Jul 30, 12:47 PM EDT

A delegation from the International Monetary Fund has arrived in Egypt, responding to a request for a multibillion dollar bailout for the country's flagging economy

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CAIRO (AP) -- A delegation from the International Monetary Fund arrived in Egypt on Saturday, responding to a request for a multibillion dollar bailout for the country's flagging economy.

Cairo airport officials said the IMF mission chief for Egypt, Christopher Jarvis, led the team that would meet officials later in the day from the Finance Ministry and the Central Bank. The officials spoke on condition of anonymity as they were not allowed to brief reporters.

The IMF has not given any details about the request or possible funding amounts, although Egypt has said it was seeking a loan of $12 billion from the IMF over three years, as well as $7 billion from other sources.

Years of unrest since the 2011 overthrow of longtime autocrat Hosni Mubarak have taken a heavy toll on both foreign investment and tourism, which along with Suez Canal revenues and remittances from Egyptians working abroad are the primary sources of foreign currency.

Reserves fell 18.1 percent from June to December, shrinking to $16.5 billion, before edging up to $17.546 at the end of June, according to central bank data. Egypt had $36 billion in reserves before the 2011 uprising.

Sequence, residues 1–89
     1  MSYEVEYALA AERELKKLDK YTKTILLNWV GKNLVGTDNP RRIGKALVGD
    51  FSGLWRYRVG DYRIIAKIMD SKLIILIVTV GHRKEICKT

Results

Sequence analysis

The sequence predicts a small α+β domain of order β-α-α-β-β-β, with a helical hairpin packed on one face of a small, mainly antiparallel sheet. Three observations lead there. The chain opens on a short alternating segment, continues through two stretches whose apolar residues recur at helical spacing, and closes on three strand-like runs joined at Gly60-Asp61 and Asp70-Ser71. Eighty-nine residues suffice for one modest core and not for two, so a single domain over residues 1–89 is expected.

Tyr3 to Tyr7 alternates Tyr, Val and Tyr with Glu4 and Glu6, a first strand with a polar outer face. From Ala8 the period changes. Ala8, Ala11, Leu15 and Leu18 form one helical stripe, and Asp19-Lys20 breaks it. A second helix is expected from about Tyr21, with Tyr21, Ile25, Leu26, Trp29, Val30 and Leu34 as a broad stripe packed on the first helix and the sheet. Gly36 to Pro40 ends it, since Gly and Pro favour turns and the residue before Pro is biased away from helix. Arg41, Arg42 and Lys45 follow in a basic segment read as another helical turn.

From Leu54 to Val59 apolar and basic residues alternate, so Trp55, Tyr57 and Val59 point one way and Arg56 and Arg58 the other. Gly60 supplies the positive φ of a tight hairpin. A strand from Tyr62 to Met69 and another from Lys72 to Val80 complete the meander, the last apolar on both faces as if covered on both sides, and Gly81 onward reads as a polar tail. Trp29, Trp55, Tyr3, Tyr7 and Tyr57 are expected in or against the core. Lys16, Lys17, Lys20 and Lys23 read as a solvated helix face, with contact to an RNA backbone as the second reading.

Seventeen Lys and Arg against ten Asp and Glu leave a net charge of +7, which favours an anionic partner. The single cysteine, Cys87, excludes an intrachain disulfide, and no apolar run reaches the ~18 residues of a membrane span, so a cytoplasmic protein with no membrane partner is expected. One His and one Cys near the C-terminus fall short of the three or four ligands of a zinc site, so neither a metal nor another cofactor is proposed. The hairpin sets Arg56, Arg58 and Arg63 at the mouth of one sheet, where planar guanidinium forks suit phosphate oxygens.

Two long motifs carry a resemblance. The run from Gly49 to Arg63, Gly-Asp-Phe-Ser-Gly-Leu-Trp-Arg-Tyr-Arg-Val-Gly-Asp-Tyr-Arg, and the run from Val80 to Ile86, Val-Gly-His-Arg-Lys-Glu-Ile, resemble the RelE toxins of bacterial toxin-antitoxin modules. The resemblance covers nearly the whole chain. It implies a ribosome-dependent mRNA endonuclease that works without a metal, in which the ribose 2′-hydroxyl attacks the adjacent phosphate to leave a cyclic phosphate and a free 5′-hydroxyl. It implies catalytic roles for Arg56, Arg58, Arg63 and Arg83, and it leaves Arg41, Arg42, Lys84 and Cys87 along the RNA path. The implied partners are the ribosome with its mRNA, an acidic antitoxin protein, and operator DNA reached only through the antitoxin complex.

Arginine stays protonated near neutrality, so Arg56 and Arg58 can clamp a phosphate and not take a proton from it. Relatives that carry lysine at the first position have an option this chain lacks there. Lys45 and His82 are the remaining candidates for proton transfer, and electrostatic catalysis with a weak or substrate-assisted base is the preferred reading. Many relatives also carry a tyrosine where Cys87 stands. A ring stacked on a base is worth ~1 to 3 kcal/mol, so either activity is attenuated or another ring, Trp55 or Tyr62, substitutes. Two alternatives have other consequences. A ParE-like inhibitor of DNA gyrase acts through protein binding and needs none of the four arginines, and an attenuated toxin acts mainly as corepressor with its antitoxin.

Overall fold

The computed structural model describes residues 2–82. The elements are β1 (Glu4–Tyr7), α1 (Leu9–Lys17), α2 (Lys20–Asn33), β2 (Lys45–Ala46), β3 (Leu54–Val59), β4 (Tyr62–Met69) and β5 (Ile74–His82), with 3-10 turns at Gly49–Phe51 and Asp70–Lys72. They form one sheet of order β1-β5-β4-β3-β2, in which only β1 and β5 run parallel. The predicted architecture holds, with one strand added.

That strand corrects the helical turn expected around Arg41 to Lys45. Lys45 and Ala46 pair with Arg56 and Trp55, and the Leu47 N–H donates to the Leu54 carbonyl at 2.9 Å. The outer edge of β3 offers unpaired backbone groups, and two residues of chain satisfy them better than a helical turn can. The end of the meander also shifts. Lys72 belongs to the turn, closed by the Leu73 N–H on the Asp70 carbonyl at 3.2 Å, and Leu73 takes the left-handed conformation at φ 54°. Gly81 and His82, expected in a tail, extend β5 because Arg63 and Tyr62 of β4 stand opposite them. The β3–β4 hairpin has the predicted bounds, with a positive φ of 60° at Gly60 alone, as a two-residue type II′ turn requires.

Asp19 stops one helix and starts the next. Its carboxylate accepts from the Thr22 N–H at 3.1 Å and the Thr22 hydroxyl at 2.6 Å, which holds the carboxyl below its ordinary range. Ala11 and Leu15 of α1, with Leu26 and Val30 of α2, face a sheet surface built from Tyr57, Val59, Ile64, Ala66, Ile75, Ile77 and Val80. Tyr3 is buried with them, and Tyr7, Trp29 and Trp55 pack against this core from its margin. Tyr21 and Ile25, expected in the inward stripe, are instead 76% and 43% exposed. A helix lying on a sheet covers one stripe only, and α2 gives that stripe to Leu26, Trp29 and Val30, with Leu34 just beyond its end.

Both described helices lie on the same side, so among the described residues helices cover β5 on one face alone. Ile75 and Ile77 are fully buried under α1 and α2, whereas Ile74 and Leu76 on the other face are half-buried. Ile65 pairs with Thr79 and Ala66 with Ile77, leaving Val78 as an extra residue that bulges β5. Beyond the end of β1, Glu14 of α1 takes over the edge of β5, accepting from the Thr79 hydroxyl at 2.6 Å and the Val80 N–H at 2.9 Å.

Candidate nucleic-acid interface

The local currency, the pound, has been falling to new lows. The official central bank rate is 8.78 Egyptian pounds to the dollar, but the true price on Egypt's robust black market, according to media reports, is around 12 and has even reached 13 to the dollar at times.

President Abdel-Fattah el-Sissi met with the prime minister and finance minister Saturday to discuss economic developments, including the IMF loan, and underline how reform efforts that may come with the loan conditions must also address the plight of the poor, his office said in a statement.

Basic commodities such as bread are heavily subsidized in Egypt, and the reforms needed to meet IMF loan criteria require broad cuts to such aid. The risk of a backlash on the street has prevented successive leaders in Egypt from making such cuts, or enacting other revenue-generating policies such as levying further sales tax.

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